Built over a 40,000 square feet area on three levels, the park is designed in the setting of a king's palace and can handle 1,800 visitors per day. A spokesman for Kings City said that they expected approximately 500,000 people to pass through the new complex in its first year of operation.
The park is divided into four sections in what park management says will "convey to visitors an experience of a voyage in time through caves quarried in the rock, sailing through King Solomon's halls and an abundance of interactive experiences."
According to a park brochure, visitors will be able to view screenings of 3-D films in the "Voyage to the past" section, which will include elements in motion and active chairs, which take the visitor through a unique experience centered on the story of ancient Egypt and the era of Pharaohs.
"The cave of illusions" will include an interactive museum with 65 attractions such as giant labyrinths, a "crooked" room and "test yourself" games.
Visitors will reach the entrance to the "Biblical cave" via an elevator which descends 100 feet below the earth to a cave carved from rock, where they will be able to watch staged scenes from the Bible.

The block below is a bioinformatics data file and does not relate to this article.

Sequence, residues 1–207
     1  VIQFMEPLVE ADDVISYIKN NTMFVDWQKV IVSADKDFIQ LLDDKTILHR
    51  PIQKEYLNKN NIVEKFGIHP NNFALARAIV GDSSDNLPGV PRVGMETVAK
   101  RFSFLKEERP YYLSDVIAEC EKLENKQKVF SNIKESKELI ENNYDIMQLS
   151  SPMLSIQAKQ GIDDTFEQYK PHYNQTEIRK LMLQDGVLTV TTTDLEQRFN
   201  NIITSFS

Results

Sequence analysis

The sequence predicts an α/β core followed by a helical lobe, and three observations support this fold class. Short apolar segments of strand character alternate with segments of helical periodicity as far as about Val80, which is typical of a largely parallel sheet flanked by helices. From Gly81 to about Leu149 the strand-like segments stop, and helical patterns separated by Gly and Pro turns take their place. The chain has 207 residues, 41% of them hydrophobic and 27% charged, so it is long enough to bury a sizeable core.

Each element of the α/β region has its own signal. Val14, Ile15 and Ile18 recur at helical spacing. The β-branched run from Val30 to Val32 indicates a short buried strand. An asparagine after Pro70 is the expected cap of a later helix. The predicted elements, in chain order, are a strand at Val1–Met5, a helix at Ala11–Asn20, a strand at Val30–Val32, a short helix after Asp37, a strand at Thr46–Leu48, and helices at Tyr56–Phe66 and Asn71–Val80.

In the fourth section of the park, visitors will have opportunity to take a boat ride through "King Solomon's waterfalls", designed to recreate elements from King Solomon's era. According to many, the king used Eilat as a trade center. The 10-minute ride ends in an artificial lake reached through "a huge, exciting and thrilling water slide."
The park is open from 9:00 a.m. till 1:00 a.m. everyday except for Friday when it closes for Shabbat. It reopens on Saturday night.
ARZA World travelers can experience the “Kings city” on their next visit to Israel.
ARZA World is committed to using a fun holistic approach to the educational experience. Our programs are designed thematically, combining educational and geographical considerations while in Israel. Introductory sessions, usually in the form of interactive
programs, (discussions, workshops presentations) precede most topics of study, and site visits are conducted with text in hand, always connecting the various sites to the specific daily and weekly themes.